We reached the top of the Canaleta at 12:45pm and I had at least two hours to go, based on my current pace. Tincho kept positive, saying I would definitely summit but deep down I was very worried. We got the awesome news over the radio that the boys had summited and were heading back our way. We crossed paths on the trail at 2:30pm and I congratulated them. Johnny and Tincho had a discussion, which I assume included whether I could continue or not. I told Bruce I didn’t think they would let me continue and asked him how long it was from there to the top. He estimated 45 mins and my heart sank. Johnny turned to me and said, “Lexi, you have 30 minutes… go get that summit”. I was elated.

I downed some energy gel Clif Bar Shot Bloks and we set off again. It felt like we had zoomed off but it was painfully slow. I remember Tincho stopping and making me rest and thinking to myself, ‘why are we stopping, we’re so close’. I said to him “I’m going to make it, I’m going to make it“. He gently reminded me, “WE’RE going to make it“. We set off once again and I just concentrated on putting one foot in front of the other. It felt like seconds later that Tincho pointed to a big lump of rock ahead and said “that’s it!“. Those last 20 meters felt like one of those dreams where you’re running but you can’t make progress. It was 2:59pm and I had to clamber up a few boulders to reach the very top. At exactly 3pm Argentina time, 1st February 2016, I stood on the summit of Aconcagua; a dream that I had trained, saved and planned for over the past 5 years.

The snow which had been falling eased and the sun illuminated the summit through the clouds. Although there were no views from the top, the light was ethereal and it was incredibly still, quiet and warm. A wind-free summit was another first for Tincho. It was just the two of us standing there on the highest peak outside of the Himalaya at that moment. Tincho took some photos for me as my camera was frozen and we briefly celebrated. It was soon time to descend.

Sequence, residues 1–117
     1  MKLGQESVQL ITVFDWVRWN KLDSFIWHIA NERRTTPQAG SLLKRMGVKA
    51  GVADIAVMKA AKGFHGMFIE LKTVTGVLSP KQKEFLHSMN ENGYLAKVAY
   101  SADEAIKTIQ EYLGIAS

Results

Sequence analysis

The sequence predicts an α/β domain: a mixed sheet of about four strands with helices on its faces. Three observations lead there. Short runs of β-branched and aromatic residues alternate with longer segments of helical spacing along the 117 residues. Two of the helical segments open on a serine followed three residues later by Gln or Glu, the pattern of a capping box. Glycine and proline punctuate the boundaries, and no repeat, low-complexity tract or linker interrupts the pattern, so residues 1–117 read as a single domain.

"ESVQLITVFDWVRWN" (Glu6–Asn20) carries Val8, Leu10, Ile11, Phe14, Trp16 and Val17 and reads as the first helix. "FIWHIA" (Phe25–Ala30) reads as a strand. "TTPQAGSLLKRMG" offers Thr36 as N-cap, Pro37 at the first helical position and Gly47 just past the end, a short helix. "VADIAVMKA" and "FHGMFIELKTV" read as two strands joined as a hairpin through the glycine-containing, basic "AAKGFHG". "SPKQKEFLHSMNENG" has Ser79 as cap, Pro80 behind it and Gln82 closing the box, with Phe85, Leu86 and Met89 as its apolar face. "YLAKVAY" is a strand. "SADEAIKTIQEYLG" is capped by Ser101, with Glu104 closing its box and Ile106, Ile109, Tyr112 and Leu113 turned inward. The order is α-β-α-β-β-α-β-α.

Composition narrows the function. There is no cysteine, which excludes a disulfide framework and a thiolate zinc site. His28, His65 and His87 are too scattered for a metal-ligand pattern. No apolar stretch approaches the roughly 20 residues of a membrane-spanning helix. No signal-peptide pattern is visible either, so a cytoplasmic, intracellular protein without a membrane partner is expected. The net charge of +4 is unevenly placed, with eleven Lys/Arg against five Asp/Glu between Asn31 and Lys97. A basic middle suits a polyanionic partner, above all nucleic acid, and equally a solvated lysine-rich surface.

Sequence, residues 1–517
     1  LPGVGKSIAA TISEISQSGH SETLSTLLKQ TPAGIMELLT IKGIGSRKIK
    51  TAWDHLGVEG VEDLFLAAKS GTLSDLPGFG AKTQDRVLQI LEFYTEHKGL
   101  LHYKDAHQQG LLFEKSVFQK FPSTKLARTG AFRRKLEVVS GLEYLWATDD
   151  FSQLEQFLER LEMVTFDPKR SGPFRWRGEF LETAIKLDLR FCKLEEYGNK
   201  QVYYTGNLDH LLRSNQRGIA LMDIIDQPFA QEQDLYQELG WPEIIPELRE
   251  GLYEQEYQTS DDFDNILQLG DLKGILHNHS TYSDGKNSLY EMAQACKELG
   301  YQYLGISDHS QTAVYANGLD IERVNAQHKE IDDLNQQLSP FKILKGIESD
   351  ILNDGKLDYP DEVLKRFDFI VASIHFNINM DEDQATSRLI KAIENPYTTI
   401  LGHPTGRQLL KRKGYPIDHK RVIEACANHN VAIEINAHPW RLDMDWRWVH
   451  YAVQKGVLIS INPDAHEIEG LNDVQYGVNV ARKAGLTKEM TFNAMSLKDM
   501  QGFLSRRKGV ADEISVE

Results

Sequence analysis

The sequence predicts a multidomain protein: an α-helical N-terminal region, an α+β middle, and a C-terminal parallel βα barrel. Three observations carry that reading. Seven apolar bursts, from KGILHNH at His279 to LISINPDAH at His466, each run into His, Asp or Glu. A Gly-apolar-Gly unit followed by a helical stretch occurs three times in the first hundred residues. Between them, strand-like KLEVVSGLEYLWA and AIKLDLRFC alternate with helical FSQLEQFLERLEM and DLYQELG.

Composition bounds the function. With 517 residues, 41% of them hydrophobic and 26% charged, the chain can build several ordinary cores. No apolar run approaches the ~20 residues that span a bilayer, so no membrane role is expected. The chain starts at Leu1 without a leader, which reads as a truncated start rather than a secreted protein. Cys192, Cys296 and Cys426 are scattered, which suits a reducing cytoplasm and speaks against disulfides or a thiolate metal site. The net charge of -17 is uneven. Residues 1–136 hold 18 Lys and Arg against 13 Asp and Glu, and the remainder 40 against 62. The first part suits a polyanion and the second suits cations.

The snow suddenly started falling fast and heavily. It was soon a total white out. Tincho asked if I wanted to get roped up and given the conditions I agreed this was the best course. I led us down the Canaleta and back to La Cueva without a single slip or fall. Upon arrival I was startled by a guy sat on the ground looking a bit helpless. I initially didn’t understand what was going on but you could tell by the sombre mood it seemed serious. He was with two guides and they all seemed to be debating something. Tincho and I had a break, removed the rope and continued down. It transpired that the guy in the cave had a knee injury and they were trying to figure out how to get him down. Apparently he was kicking up a fuss about not needing rescue. Although it was a pretty minor situation it really brought home the reality of this peak. People die here.

Tincho and I carried on down through the white out conditions and all I could think was that if Tincho wasn’t there I’d be a dead woman. From departing La Cueva I had literally no concept of where we were and put my complete trust in him to find the way. The snow was 12” or deeper in places and we both kept stumbling. At one point we gave up walking and glissaded down which was a lot of fun. I stopped for a pee break at Independencia and looking at the snow beneath me I was glad for all the pre-hydration the previous days. My urine was so dark; I was very dehydrated. I wondered how bad it would have been had I not started well hydrated. I chugged half a litre and we sped downhill once again.

As we reached Piedras Blancas, we took our final rest before the push into camp. A tiny gap emerged in the thick clouds above and a patch of pure blue peeked through, with the surrounding cloud lined with silver. In my exhausted and elated state it felt magical and was just the pick me up we needed. The last 30 minutes or so into camp felt long but we finally made it. The boys had only arrived about an hour ahead of us and it was amazing to reach camp and celebrate our success together. What a day! We relaxed for the rest of the evening and Bruce and I exchanged stories. Johnny came by with some ramen noodles covered with cheese which I couldn’t really stomach, but I forced myself to eat as much as I could. We fell asleep quickly after dinner. It had been exactly a 13 hour round-trip for Tincho and I. Not a bad day walking!

Knackered after a successful summit of Aconcagua!

From the IMG blog: “Just off the sat phone with Jonathan Schrock and team.  100% on the top.  Great conditions this morning but snowing with minimal visibility for the descent.  No matter, the entire team reached the summit and all are back safely now at high camp.  A big congratulations to Jonathan, Martin, Lexi, Bruce and Rick.  Nice job.


This post is dedicated to Bruce who, at the time of writing, is one day away from flying to Alaska to attempt Denali. Good luck Bruce!